The practice of tipping isn’t just archaic, it’s unfair to both parties


Have you ever found yourself clammy-handed as you awkwardly leave a restaurant abroad, unsure of whether you’ve tipped an insultingly low sum or a foolishly high amount? Or realised to your horror that the bellboy at an American hotel will expect a crisp dollar bill, and you have nothing smaller than the $50 bills you exchanged at the airport?

Whether you’re stepping into an American hotel room after an 11-hour flight, or leaving a restaurant after a romantic night out, the practice of tipping regularly introduces a sour, stressful note into what should be a carefree moment.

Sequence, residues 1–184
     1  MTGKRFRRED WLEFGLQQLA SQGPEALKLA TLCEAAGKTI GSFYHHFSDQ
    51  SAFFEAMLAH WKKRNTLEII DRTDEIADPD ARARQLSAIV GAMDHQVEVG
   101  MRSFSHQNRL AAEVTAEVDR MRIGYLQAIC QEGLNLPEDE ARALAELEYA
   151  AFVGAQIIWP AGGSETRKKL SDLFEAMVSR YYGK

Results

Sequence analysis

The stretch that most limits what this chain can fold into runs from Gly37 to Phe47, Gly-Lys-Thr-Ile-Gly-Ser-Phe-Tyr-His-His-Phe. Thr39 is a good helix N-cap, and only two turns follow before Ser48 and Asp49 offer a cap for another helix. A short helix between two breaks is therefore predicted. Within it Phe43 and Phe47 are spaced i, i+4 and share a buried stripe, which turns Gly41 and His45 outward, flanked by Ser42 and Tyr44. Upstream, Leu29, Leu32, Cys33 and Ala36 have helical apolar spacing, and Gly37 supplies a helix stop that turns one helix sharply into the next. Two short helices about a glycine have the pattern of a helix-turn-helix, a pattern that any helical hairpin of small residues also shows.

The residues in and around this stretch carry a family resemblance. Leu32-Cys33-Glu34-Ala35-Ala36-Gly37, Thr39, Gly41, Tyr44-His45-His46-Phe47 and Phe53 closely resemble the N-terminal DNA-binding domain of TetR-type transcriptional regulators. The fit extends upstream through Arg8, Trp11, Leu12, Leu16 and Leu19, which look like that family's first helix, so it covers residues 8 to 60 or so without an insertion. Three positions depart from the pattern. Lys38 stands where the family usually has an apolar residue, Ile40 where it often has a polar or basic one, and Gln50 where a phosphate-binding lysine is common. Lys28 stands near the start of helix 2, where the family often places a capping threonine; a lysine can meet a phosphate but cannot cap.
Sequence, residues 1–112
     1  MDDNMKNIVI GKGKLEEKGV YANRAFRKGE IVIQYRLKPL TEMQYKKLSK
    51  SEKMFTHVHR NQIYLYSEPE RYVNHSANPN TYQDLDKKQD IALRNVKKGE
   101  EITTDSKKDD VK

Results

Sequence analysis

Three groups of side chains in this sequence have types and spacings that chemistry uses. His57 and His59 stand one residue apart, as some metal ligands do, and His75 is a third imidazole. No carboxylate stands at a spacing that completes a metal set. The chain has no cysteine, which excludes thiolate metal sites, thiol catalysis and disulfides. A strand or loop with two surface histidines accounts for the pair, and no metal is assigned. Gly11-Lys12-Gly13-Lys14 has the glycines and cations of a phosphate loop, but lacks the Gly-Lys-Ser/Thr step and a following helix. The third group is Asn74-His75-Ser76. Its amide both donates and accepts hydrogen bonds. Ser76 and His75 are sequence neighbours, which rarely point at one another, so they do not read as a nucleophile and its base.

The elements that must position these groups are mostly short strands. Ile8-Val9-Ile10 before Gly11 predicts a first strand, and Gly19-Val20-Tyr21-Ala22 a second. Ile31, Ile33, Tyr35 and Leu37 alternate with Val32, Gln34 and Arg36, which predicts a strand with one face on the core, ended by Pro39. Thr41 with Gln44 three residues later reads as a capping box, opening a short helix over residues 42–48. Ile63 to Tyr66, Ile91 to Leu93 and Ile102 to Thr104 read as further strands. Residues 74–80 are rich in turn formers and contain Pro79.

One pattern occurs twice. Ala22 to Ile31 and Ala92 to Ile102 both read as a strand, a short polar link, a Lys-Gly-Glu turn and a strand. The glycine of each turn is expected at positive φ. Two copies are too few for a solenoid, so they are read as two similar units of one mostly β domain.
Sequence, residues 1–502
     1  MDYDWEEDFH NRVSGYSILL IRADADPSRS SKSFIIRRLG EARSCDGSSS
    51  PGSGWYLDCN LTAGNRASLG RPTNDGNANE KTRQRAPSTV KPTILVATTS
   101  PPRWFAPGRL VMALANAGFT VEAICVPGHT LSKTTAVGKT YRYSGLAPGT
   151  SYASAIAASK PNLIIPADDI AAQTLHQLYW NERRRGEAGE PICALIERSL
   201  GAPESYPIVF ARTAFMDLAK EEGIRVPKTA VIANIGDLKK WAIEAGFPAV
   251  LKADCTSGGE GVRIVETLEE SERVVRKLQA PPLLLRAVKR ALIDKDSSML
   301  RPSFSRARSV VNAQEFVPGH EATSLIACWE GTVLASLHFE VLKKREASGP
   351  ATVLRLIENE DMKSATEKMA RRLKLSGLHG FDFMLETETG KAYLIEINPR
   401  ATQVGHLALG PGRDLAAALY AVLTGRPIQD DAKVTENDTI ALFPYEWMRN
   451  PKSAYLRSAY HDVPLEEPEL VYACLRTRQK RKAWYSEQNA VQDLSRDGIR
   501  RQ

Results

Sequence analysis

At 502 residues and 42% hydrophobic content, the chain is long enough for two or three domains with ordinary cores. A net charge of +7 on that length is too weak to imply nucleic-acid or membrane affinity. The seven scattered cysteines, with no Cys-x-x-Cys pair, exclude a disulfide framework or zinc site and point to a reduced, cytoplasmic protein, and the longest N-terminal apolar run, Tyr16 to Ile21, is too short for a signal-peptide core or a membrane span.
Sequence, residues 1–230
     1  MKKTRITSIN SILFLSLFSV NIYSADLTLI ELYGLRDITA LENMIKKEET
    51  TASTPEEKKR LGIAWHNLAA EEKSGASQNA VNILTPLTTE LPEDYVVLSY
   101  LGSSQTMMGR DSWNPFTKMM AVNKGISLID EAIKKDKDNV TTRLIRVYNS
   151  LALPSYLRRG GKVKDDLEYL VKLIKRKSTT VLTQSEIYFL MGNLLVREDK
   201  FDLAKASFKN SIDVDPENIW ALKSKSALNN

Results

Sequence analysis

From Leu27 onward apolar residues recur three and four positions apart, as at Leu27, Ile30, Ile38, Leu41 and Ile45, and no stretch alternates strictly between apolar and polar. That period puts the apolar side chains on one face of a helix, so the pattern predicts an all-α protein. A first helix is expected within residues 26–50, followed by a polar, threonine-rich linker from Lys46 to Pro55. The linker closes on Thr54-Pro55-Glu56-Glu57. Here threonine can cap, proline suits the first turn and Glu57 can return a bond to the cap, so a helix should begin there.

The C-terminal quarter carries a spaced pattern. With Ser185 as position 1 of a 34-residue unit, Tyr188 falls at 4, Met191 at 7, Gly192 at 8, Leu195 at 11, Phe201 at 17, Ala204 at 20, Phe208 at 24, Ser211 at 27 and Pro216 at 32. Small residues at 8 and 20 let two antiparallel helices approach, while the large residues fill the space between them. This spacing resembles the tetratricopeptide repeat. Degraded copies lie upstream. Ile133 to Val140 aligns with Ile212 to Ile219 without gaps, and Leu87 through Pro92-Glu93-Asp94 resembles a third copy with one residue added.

Tipping etiquette might seem like a tiny thing to get in a tizz about, but psychologists now recognise “tipping anxiety”…

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